- US: Neighborhood Watch Out: Cops Are Incorporating Private Cameras Into Their Real-Time Surveillance Networks: The Electronic Frontier Foundation reports that US law enforcement agencies are promoting the sale and use of surveillance cameras from a private company, which provides law enforcement agencies within the jurisdiction of the user and even beyond it with access to the camera. EFF has collated the use of these systems in over 150 jurisdictions. The piece raises various concerns about the expansion of police surveillance into the private realm.
- US: Bad Input: These three short films by Consumer Reports as part of its project titled ‘Bad Input’ maps and highlights effects of bias in medical devices, in the financial sector, and in facial recognition use.
- US: Lawsuit Alleges Coinbase Violated Illinois Biometric Data Law: CPO Magazine reports on a suit filed in Illinois against company Coinbase which requires users to authenticate using their face or fingerprint while logging in. The suit claims that the company does not comply with BIPA regulations on data handling and retention schedules.
AI & automated systems in the wider world
- International: Who’s afraid of AI? This Slate podcast features an interview with Meredith Whittaker, president of the Signal Foundation and co-founder of the AI Now Institute at NYU, in which Whittaker discusses the need for AI regulation.
- International: AI machines aren’t ‘hallucinating’. But their makers are: Naomi Klein, Professor of Climate Justice and Co-director of the Centre for Climate Justice at the University of British Columbia, writes in The Guardian that ‘lofty claims’ about what AI can do for humanity disguise ‘mass theft as a gift – at the same time as they help rationalize AI’s undeniable perils.’
- International: We shouldn’t regulate AI until we see meaningful harm’: Microsoft chief economist to WEF: Last week, while representing Microsoft at a World Economic Forum summit, Microsoft’s Corporate VP and Chief Economist Michael Schwarz argued that ‘We shouldn’t regulate AI until we see some meaningful harm that is actually happening — not imaginary scenarios’. Reactions to this statement include this thread from Toby Ord, Senior Research Fellow at Oxford University.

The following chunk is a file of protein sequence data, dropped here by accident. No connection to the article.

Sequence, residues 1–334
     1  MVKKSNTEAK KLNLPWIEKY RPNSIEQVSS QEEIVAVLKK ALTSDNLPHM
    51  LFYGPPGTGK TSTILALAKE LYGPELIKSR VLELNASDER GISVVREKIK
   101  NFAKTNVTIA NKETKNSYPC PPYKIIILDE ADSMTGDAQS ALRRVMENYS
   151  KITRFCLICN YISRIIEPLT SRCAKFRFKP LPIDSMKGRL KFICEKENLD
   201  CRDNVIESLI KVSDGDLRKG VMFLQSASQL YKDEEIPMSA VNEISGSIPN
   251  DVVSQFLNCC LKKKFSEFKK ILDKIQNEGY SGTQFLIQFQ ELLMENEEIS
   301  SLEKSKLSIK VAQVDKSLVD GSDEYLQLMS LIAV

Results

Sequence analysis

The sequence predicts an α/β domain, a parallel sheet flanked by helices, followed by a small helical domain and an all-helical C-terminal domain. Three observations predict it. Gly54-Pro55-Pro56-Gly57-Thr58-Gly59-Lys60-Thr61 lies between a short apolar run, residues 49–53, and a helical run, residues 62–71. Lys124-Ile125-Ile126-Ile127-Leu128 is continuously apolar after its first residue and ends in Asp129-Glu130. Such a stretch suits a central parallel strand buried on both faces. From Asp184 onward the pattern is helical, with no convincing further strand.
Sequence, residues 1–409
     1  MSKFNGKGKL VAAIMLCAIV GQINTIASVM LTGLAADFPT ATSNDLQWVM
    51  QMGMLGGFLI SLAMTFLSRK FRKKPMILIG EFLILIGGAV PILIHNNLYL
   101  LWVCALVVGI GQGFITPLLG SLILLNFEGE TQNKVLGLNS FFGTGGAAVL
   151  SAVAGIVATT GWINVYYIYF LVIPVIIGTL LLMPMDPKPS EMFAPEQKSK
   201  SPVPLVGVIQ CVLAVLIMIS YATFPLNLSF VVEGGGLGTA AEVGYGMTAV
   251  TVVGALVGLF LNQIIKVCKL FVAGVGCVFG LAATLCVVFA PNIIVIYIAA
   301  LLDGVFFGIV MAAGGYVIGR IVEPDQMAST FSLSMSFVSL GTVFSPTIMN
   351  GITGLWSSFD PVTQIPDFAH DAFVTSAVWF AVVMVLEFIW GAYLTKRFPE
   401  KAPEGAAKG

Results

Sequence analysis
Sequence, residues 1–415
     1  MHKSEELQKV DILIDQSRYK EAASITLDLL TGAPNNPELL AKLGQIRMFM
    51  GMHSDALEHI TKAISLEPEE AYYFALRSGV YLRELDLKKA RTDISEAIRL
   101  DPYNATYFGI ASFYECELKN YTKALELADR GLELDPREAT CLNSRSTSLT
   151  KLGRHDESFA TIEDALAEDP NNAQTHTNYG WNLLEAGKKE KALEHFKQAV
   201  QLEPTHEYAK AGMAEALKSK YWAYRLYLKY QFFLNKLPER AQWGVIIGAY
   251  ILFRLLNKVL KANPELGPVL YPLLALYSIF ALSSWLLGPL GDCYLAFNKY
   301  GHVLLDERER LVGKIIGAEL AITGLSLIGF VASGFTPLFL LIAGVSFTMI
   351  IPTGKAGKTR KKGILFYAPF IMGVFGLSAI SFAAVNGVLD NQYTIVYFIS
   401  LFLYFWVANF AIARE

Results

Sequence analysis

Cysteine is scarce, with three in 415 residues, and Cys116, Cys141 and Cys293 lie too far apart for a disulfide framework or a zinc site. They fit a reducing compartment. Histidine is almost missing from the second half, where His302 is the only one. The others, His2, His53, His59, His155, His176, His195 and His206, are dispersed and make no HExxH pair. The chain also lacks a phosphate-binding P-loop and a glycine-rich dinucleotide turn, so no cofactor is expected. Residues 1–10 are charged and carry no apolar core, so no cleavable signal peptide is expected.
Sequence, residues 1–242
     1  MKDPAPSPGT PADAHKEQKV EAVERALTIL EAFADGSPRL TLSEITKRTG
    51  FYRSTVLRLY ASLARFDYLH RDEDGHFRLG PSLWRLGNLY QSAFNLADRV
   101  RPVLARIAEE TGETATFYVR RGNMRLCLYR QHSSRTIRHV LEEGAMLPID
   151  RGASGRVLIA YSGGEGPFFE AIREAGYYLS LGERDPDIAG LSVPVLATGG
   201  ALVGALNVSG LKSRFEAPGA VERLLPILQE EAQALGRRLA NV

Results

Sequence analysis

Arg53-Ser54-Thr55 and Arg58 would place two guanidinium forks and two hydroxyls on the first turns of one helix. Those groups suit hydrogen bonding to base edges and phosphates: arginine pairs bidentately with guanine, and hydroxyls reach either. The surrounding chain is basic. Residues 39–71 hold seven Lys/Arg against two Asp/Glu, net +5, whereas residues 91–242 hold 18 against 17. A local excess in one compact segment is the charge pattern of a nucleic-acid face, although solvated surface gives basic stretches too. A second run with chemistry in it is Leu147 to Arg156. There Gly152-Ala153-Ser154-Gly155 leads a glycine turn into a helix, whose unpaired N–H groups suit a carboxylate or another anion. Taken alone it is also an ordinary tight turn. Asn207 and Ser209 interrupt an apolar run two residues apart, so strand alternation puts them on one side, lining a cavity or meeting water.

- US: A Radical Plan to Make AI Good, Not Evil: Wired reports on Anthropic’s chatbot ‘Claude’, which the company claims has a set of ethical principles built in that define what it should consider right and wrong.
- US: AI is moving fast. Washington is not: Vox reports on the need for comprehensive legislative action on artificial intelligence in the US, and warns against reliance on self regulation by the tech industry. While pointing to legal challenges to applications of AI such as automated driving and generative AI, the article lists legislative and policy measures globally on these developments.
Research and reports
- Research shows mobile phone users do not understand what data they might be sharing: This study by the University of Bath’s School of Management finds that there are many misconceptions on protection of privacy and data among smartphone users. These misconceptions point towards a lack of understanding on how applications track, collect data and what that data is used for.
Other items of interest
- Online event: How are new technologies impacting human rights?: 16th May 2023: This conversation, hosted by The Minderoo Centre for Technology and Democracy at the University of Cambridge, brings together AI and human rights experts, a forensic consultant, and an anthropologist of genocide and digital technologies to ask what does rights-promoting technology look like? Registration is free.